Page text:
Also called the Hellhound and a Warg, the Freybug is something of a demonic canine from medieval English folklore. Perhaps the most famous Hellhound is Cerberus from Greek mythology. This is the three-headed dog who stands as the keeper to the gates of Hell. Milton even included him in his epic poem, Paradise Lost, which I recommend reading if you have the patience.
The twelfth labor of Heracles was to bring back Cerberus. Here are two selections which portray this.
On a more personal note, my oldest daughter owns a rescue dog whom she named Cerberus (Cerbie for short). Despite her large size and ominous name, she’s actually an amiable pooch.
As a final offering for your viewing pleasure, here is the rendering of a Freybug by William O’ Connor from his Dracopedia: The Bestiary.
Perelandra is the second book in the Space Trilogy by C. S. Lewis. Originally, this was my least favorite in the series, but my appreciation for this work has grown since then.
When I first read this story, I didn’t enjoy the planetary landscape as much as that of Malacandra (Mars), but the author’s description of Perelandra (Venus) was more appealing on my second reading years later. The key was that I had to stop thinking like a scientist and, instead, simply enjoy the fantasy. The entire planet is portrayed as a maritime Garden of Eden, complete with floating islands, dragons, fanciful aquatic beasts, and a newly created Adam and Eve.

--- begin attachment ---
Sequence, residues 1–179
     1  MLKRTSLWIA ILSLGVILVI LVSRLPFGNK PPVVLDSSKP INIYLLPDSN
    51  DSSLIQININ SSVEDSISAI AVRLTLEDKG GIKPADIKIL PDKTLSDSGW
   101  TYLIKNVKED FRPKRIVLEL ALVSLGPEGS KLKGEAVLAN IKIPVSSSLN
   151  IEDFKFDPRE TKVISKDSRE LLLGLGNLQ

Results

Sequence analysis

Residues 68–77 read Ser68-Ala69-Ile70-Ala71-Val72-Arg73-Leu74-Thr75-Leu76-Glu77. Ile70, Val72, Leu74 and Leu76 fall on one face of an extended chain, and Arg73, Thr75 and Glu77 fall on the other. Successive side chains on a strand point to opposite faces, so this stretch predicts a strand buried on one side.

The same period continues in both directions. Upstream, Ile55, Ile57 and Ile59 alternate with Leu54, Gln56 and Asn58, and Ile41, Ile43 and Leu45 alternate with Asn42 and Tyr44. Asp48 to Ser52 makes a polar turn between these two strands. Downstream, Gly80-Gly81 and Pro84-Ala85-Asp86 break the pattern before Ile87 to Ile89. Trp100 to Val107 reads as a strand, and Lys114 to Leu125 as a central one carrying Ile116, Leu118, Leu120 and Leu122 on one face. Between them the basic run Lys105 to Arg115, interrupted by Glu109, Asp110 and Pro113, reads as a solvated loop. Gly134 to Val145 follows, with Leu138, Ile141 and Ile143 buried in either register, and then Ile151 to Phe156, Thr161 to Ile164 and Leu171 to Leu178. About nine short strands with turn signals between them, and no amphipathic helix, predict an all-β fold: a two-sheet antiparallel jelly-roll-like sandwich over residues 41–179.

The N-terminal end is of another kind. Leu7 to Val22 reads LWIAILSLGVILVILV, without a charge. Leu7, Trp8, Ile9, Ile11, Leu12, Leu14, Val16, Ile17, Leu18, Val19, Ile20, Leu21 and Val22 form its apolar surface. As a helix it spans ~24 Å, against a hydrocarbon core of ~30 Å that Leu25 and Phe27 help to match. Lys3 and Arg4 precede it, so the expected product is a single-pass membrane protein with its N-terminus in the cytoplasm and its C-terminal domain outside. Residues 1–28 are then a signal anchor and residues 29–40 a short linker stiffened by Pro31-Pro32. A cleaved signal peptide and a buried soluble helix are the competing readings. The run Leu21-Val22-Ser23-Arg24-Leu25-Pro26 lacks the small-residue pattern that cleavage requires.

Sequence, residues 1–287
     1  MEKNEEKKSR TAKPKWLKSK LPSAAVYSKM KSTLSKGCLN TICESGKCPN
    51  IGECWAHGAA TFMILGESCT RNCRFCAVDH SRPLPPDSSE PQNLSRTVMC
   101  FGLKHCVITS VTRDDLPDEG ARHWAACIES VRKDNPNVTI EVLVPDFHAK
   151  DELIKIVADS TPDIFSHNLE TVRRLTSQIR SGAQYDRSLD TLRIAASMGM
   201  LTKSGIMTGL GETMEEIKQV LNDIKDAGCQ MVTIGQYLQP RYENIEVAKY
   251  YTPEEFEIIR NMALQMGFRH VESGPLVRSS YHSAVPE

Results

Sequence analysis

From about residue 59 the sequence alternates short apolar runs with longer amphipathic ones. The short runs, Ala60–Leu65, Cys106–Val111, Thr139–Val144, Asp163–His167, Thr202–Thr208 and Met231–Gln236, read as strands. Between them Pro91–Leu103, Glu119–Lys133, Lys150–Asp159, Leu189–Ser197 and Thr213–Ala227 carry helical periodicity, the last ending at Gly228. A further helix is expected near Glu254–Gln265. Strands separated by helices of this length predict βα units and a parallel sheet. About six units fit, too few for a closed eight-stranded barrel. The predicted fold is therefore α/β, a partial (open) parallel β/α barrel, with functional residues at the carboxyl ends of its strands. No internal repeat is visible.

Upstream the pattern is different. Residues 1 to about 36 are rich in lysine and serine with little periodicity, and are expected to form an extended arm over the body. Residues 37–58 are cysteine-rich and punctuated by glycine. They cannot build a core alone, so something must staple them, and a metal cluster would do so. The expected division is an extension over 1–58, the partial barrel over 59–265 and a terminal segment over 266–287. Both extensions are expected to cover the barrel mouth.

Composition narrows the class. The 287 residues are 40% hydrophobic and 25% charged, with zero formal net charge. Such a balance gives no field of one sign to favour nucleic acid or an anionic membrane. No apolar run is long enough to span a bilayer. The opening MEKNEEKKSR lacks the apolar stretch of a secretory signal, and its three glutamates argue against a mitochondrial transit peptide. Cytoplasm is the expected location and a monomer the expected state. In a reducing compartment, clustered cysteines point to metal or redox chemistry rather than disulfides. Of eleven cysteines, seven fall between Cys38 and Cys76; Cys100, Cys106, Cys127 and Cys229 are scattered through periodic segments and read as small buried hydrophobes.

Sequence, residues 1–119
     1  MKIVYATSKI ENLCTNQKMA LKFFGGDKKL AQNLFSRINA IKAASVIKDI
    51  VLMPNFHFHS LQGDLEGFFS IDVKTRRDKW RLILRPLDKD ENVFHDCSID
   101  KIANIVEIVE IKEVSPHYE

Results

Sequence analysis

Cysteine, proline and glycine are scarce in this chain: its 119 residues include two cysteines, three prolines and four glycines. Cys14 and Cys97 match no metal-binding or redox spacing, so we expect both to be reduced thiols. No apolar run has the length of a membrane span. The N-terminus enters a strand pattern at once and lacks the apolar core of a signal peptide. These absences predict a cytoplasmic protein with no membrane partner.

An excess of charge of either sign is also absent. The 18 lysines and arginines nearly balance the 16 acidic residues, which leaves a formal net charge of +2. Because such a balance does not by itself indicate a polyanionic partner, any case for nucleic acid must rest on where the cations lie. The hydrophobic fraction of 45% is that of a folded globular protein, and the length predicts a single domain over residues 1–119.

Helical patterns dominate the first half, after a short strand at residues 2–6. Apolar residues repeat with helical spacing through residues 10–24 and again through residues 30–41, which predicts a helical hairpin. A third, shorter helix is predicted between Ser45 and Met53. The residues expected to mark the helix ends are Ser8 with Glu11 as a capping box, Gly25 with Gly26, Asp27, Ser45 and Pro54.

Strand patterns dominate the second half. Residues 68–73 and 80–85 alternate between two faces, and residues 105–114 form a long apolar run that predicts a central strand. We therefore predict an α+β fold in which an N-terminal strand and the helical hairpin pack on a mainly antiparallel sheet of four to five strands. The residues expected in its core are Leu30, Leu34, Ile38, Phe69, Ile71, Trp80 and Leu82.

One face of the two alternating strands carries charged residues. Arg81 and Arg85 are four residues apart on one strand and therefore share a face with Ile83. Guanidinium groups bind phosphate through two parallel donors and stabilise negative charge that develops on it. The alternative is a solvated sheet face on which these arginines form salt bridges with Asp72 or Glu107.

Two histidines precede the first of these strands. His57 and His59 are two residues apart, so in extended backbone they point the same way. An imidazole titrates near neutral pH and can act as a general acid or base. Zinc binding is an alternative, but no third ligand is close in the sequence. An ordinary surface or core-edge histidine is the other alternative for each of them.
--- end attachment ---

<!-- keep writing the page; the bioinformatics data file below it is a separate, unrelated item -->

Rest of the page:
Eldil and and an Oyarsa are also involved in the affairs of this planet, but the main plot element is a temptation saga in which Dr. Elwin Ransom and Dr. Weston engage in debate as the agents of God and Satan (the Bent One). Some reviewers have expressed the same criticism I initially had: that the dialogue was tedious and slowed the development of the story. Nothing could be further from the truth. By the time I read these passages again, I was more familiar with the writings of Plato and John Milton, and I could recognize these exchanges as a brilliant adaptation from Platonic dialogues and Paradise Lost. Rather than a weak link in the chain, this book stands on its own strength.